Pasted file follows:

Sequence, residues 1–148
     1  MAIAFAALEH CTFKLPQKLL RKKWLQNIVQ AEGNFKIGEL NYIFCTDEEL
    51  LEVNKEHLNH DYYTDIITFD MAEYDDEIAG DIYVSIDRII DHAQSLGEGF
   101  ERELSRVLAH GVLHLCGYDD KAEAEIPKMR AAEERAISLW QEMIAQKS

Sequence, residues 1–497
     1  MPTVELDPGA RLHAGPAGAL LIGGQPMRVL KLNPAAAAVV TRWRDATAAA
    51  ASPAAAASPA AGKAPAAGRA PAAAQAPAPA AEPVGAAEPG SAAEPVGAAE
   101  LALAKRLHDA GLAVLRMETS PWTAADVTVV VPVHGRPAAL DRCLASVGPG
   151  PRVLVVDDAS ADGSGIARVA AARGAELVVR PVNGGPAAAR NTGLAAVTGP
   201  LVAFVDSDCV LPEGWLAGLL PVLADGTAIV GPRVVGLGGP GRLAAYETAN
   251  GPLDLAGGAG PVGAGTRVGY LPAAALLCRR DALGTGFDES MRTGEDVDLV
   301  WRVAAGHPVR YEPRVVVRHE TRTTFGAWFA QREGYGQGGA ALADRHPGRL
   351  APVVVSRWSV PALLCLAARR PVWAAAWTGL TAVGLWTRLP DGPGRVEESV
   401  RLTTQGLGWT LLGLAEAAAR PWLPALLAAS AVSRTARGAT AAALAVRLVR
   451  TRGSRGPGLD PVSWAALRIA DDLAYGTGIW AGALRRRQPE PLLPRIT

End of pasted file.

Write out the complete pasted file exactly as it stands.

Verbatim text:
Sequence, residues 1–148
     1  MAIAFAALEH CTFKLPQKLL RKKWLQNIVQ AEGNFKIGEL NYIFCTDEEL
    51  LEVNKEHLNH DYYTDIITFD MAEYDDEIAG DIYVSIDRII DHAQSLGEGF
   101  ERELSRVLAH GVLHLCGYDD KAEAEIPKMR AAEERAISLW QEMIAQKS

Sequence, residues 1–497
     1  MPTVELDPGA RLHAGPAGAL LIGGQPMRVL KLNPAAAAVV TRWRDATAAA
    51  ASPAAAASPA AGKAPAAGRA PAAAQAPAPA AEPVGAAEPG SAAEPVGAAE
   101  LALAKRLHDA GLAVLRMETS PWTAADVTVV VPVHGRPAAL DRCLASVGPG
   151  PRVLVVDDAS ADGSGIARVA AARGAELVVR PVNGGPAAAR NTGLAAVTGP
   201  LVAFVDSDCV LPEGWLAGLL PVLADGTAIV GPRVVGLGGP GRLAAYETAN
   251  GPLDLAGGAG PVGAGTRVGY LPAAALLCRR DALGTGFDES MRTGEDVDLV
   301  WRVAAGHPVR YEPRVVVRHE TRTTFGAWFA QREGYGQGGA ALADRHPGRL
   351  APVVVSRWSV PALLCLAARR PVWAAAWTGL TAVGLWTRLP DGPGRVEESV
   401  RLTTQGLGWT LLGLAEAAAR PWLPALLAAS AVSRTARGAT AAALAVRLVR
   451  TRGSRGPGLD PVSWAALRIA DDLAYGTGIW AGALRRRQPE PLLPRIT